On the heels of an announcement that Fast Retailing Co Ltd's subsidiary Uniqlo, Japan's largest clothing store chain, is looking to source garments from India, a committee at the US Congress has added India to its list of countries that are failing to address “alarming" levels of online piracy. The International Creativity and Theft-Prevention (ICTP) caucus, a the bipartisan and bi-cameral committee, which was founded in 2003, aims to "preserve the incentive to create new work that adds to our economy and our culture by ensuring that those works are protected from theft.” The ICTP's annual Watch List report is distinct from the US Trade Representative’s annual Special 301 Report, which similarly sets out countries to watch, as the Trade Representative's list identify trade barriers to U.S. companies and products due to the intellectual property laws, such as copyright, patents and trademarks, in other countries. The ICTP's list focuses solely on copyright rather than all forms of intellectual property.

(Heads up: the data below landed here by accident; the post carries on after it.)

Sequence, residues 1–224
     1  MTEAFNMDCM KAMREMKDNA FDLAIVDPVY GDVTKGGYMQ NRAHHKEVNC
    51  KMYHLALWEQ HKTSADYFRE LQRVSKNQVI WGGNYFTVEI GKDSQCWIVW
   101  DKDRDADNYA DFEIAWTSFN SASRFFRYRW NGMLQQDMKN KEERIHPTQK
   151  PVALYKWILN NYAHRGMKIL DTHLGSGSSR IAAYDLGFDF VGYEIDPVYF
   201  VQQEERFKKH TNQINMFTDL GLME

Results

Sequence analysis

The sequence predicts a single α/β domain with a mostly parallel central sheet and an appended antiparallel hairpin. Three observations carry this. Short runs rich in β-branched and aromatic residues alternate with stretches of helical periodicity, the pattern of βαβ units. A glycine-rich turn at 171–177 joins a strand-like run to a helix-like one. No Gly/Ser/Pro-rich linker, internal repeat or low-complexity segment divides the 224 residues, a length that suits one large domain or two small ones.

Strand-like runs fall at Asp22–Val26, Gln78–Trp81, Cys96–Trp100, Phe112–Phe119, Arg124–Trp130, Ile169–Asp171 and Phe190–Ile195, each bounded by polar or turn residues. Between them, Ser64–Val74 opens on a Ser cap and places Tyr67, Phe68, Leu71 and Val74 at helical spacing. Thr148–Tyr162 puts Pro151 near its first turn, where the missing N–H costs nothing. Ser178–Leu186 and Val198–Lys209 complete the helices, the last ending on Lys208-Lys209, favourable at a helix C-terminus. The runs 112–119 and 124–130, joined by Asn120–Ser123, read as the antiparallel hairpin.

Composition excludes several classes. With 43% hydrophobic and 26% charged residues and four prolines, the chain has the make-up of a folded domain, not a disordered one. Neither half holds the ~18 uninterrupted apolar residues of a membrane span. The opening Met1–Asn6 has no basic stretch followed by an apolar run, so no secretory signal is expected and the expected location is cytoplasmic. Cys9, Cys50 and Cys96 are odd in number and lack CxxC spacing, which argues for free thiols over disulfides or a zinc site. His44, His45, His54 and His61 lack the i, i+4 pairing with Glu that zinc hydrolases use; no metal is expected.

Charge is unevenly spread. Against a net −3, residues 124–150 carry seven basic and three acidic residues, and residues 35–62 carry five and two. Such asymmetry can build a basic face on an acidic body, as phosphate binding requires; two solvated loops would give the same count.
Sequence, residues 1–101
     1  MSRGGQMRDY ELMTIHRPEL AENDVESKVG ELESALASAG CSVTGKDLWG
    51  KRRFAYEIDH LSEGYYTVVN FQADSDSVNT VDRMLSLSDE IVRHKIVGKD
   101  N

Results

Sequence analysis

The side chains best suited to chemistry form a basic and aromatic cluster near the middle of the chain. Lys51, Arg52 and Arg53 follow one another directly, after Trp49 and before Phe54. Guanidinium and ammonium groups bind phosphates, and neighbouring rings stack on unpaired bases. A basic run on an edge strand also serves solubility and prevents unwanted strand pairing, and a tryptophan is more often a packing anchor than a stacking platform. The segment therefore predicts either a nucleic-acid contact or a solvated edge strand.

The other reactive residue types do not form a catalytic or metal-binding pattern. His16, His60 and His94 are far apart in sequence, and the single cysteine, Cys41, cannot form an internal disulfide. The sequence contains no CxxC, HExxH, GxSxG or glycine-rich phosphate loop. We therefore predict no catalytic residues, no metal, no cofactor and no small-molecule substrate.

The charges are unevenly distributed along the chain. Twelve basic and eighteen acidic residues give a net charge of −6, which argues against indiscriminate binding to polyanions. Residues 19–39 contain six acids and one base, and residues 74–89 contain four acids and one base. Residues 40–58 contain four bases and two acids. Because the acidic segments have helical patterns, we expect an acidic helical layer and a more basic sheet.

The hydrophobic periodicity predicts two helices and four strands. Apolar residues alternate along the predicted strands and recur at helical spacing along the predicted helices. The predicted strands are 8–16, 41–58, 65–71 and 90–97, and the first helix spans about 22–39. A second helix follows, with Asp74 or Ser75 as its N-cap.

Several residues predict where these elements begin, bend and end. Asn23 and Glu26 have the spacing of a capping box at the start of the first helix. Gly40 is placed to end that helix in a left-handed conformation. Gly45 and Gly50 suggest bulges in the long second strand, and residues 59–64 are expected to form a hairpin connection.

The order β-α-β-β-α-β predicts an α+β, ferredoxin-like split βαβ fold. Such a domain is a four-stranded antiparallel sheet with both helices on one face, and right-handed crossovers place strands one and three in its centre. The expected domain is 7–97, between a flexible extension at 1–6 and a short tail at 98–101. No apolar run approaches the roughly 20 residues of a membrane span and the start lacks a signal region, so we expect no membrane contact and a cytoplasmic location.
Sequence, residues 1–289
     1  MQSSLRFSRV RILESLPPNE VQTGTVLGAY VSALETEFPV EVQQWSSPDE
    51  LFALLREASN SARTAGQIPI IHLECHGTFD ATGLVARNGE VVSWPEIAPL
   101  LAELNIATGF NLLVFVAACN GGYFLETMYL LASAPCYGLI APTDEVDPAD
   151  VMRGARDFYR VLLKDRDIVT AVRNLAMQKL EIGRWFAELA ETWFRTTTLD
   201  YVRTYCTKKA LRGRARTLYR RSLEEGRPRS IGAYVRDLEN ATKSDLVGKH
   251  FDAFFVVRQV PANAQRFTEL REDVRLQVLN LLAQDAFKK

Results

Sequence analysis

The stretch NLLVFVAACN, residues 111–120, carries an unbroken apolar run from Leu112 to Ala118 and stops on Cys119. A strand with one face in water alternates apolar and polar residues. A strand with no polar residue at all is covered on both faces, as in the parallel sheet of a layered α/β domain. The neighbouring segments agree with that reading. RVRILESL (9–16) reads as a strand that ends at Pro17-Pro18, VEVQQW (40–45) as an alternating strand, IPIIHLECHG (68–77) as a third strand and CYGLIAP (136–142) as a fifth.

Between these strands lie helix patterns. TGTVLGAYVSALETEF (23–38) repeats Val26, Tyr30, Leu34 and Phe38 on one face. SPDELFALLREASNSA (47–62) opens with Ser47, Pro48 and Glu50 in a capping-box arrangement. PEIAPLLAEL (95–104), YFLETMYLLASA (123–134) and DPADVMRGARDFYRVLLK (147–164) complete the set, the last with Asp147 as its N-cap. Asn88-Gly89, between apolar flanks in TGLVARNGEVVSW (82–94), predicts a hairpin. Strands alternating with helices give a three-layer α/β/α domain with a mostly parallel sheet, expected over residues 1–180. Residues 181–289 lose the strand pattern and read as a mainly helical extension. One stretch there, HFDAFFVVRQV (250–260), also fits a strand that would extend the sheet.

The ICTP's most recent list includes China, Russia, Switzerland, Italy and the Philippines, among other countries. India is, however, the only new addition to the list this year. In addition to its placement on the ICPT's list, India was named on the ‘Priority Watch List’ in the most recent Special 301 Report.
As for Uniqlo, in a statement from the Indian government, Indian Prime Minister Narendra Modi has welcomed the company welcomed the Japan-based company's interest in developing its business in India and highlighted the benefits the country's garment sector offers, including the "availability of cotton, skilled manpower, robust infrastructure, a big domestic market and good ports for exports." Uniqlo will join an array of other fast fashion brands, including Zara, GAP Inc., and Marks & Spencer, among others, which manufacture a portion of their garments and accessories in India. Uniqlo will reportedly maintain its manufacturing partners in China, Vietnam, Bangladesh and Indonesia.